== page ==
Let ‘B’ vitamins boost brain health
What have you done today to boost your brain health? While not totally within your control, reducing loss of brain or cognitive functioning with age, needs nurtured just like preventing loss of muscle mass. Cognitive functioning includes the processes of memory, knowledge, attention, judgement, problem solving, decision making, comprehension and production of language. We may not totally be able to prevent the age-related declines in this area, however there are certain vitamins playing important roles in keeping your brain healthy – the B vitamins. There are eight B vitamins which include thiamine (B1), riboflavin (B2), niacin (B3), pantothenic acid (B5), vitamin B6 also known as pyridoxine, biotin (B7), folate (B9), and vitamin B12.
The United States is an aging nation with the fastest growing age segment people aged 65 and older. With brain disorders such as Alzheimer’s disease at epidemic proportions – 5.3 million Americans or one in eight people aged 65 and older have it – the need for preventative measures is more critical than ever.
How B vitamins boost brain health
Our brain is by far the most metabolically active organ in the body, representing only 2% of body weight but accounting for over 20% of the body’s total energy expenditure. The B vitamins have a special role in maintaining brain function. Each B vitamin is actively transported across the blood brain barrier with active roles in making brain chemicals called neurotransmitters helping to communicate information.
Another factor in keeping our brain healthy revolves around an amino acid called homocysteine. The B vitamins help to keep homocysteine levels in a healthy range. If the intake of B vitamins is below normal in one’s daily diet, this raises the levels of homocysteine leaving the brain not as well protected. High homocysteine levels have been linked with a greater risk of age-related cognitive decline, brain shrinkage, and an increased risk of Alzheimer’s.
Why B vitamin deficiencies are found in developed countries
It is assumed that in developed countries like the United States, vitamin deficiencies are uncommon. Yet when you look at the typical “Western” dietary pattern – high-intake of processed meat, red meat, butter, high-fat dairy products, eggs and refined grains and sugars – our intake of the B vitamins may be questionable. Compare this style of eating to the Mediterranean diet – high intake of fruits, vegetables, legumes, olive oil, whole grains, red wine and moderate amounts of fish and white meat – which is associated with increased amounts of the B vitamins.
The B vitamins are also water-soluble, meaning they dissolve in water and are not stored within the body. Any excess amount the body doesn’t need will be excreted in the urine. Therefore, B vitamins are usually safe at doses much higher than the Recommended Dietary Allowances (RDA’s). But because they are not stored in the body, they do require a more consistent pattern of consumption than the fat-soluble vitamins (A, D, E, and K) which are stored in the body. If a person is not eating a diet sufficient in the B vitamins on a daily basis, they may be marginally deficient in them.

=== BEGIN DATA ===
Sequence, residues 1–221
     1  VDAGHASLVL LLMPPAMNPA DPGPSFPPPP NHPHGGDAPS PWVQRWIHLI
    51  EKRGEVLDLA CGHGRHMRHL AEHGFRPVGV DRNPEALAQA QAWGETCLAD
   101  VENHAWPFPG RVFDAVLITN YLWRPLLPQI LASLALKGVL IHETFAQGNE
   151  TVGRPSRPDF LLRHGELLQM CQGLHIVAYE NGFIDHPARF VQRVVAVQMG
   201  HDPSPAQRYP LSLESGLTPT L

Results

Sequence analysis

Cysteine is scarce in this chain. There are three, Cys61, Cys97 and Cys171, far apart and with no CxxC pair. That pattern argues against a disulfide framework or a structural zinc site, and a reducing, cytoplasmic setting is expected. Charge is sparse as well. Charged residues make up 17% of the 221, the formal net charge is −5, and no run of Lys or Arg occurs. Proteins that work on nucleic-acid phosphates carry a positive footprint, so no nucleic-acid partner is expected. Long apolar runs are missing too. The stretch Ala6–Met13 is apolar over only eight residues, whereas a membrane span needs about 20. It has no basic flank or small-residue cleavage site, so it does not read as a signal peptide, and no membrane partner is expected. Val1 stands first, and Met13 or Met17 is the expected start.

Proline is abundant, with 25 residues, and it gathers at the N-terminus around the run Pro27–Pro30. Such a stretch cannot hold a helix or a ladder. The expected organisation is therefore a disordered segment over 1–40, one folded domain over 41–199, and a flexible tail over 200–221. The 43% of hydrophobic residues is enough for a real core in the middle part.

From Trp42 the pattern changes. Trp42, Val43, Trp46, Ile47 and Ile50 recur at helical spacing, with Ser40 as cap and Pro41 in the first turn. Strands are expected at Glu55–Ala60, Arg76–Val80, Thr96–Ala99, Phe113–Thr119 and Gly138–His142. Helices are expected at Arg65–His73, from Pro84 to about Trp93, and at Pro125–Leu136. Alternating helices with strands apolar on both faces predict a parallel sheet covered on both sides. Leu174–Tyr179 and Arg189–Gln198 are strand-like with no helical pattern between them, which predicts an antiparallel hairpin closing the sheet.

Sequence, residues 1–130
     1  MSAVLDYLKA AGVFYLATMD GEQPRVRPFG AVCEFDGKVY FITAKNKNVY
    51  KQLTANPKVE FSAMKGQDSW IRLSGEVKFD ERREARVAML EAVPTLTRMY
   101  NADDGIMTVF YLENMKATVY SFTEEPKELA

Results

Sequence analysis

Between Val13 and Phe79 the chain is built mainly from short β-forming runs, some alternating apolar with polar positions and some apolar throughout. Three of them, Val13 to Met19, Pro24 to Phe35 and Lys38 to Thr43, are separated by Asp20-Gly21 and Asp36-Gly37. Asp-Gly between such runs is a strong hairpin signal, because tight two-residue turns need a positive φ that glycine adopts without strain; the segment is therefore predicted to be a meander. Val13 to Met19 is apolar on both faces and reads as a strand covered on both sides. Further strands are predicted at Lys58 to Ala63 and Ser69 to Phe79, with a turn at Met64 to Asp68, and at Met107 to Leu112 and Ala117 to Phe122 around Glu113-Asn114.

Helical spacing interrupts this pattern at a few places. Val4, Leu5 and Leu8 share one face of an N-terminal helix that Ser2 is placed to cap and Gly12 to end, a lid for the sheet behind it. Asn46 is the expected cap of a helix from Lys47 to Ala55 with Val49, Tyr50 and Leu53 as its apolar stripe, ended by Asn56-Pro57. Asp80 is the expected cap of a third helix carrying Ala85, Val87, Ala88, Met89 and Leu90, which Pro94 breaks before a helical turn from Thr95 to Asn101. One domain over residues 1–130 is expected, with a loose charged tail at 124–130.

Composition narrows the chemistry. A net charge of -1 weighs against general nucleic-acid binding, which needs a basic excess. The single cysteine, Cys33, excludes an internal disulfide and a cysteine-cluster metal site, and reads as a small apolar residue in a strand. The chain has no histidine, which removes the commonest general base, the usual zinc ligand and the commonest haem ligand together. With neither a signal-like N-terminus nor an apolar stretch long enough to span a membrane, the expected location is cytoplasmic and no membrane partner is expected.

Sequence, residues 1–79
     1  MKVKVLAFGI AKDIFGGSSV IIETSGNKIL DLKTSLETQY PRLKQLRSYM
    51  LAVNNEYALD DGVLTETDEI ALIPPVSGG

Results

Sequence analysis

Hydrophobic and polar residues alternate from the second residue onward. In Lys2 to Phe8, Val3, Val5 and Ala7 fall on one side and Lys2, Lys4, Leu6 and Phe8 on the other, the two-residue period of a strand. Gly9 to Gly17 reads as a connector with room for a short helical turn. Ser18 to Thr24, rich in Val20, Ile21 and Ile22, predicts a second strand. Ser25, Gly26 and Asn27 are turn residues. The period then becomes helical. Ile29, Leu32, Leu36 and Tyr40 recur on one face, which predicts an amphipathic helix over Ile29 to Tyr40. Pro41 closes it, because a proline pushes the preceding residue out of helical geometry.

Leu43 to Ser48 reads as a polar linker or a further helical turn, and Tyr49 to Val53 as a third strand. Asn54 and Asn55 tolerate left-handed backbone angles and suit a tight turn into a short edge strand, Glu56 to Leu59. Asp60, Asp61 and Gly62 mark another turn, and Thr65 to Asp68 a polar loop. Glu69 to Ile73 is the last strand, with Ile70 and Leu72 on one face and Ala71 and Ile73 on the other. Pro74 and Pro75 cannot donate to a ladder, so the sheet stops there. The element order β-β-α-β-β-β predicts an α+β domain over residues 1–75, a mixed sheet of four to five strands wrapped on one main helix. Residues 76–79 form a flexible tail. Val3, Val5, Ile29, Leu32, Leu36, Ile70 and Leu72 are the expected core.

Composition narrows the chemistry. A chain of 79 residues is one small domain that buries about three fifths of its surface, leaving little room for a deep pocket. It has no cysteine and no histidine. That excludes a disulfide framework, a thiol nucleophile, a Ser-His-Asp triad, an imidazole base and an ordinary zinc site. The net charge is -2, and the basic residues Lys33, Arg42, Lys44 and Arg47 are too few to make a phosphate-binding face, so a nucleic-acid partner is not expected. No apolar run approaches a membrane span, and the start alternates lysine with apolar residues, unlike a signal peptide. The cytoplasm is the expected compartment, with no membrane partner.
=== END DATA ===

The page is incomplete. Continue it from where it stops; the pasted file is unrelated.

How to increase intake of B vitamins
Out of the eight B vitamins, three of them – folate, vitamin B6 and B12 – have been the main focus of studies on their effect on keeping our mind sharp. But a review in Nutrients journal, suggests that research should be redirected at looking at all eight B vitamins as they all are essential for optimal physiological and neurological functioning.
The key with obtaining adequate amounts of the B vitamins is to include daily foods rich in these brain boosting nutrients. If you eat the typical western diet, your intake of them will most likely be subpar. Here are foods to include on a daily basis containing good to excellent amounts of the B vitamins:
· Prunes and prune juice
· Potatoes, sweet potatoes, acorn squash
· Oatmeal, wheat bran, wheat germ
· Tuna, salmon, trout, mackerel
· Chicken, beef, venison, pork
· Chickpeas/garbanzo beans, peas, all beans (pinto, navy, black, white, kidney)
· Sunflower seeds
· Spinach, broccoli, asparagus, artichokes, beets, okra
· Enriched breakfast cereals
· Cottage cheese, milk
· Orange juice
· Nuts – pistachio, macadamia, brazil, hazelnuts, pecans, peanuts
The uniqueness of vitamin B12
Vitamin B12 is unique as it requires a substance called intrinsic factor needed to detach B12 from food protein in order to be absorbed. Intrinsic factor is produced in the stomach but as we age, our production of stomach acid decreases. This decreased ability to produce intrinsic factor can lead to decreased absorption of B12 which may cause a deficiency of the vitamin. It’s estimated that one in four adults are deficient in B12 and nearly half the population has suboptimal blood levels.
The other unique aspect of vitamin B12 is it is only found in animal foods or foods fortified with it. People who avoid all animal products (vegans) need to choose alternative sources such as soy products and some breakfast cereals fortified with B12 or take a B12 supplement.
Be proactive for your brain health
If you are already noticing signs of declined mental functioning, ask your doctor to check your homocysteine level with a blood test which can reveal if you’re consuming enough B vitamins. In the meantime, begin adding the foods listed rich in B vitamins to your daily diet. Supplements like multivitamins can be another source of the B vitamins but remember our bodies will absorb the vitamins better if you get them from food sources. Always get advice from your doctor or a registered dietitian on multivitamin supplementation to determine what is best for your needs.
In the meantime, it’s never too early to take action on keeping your brain mentally sharp and functioning at its optimal best as you age.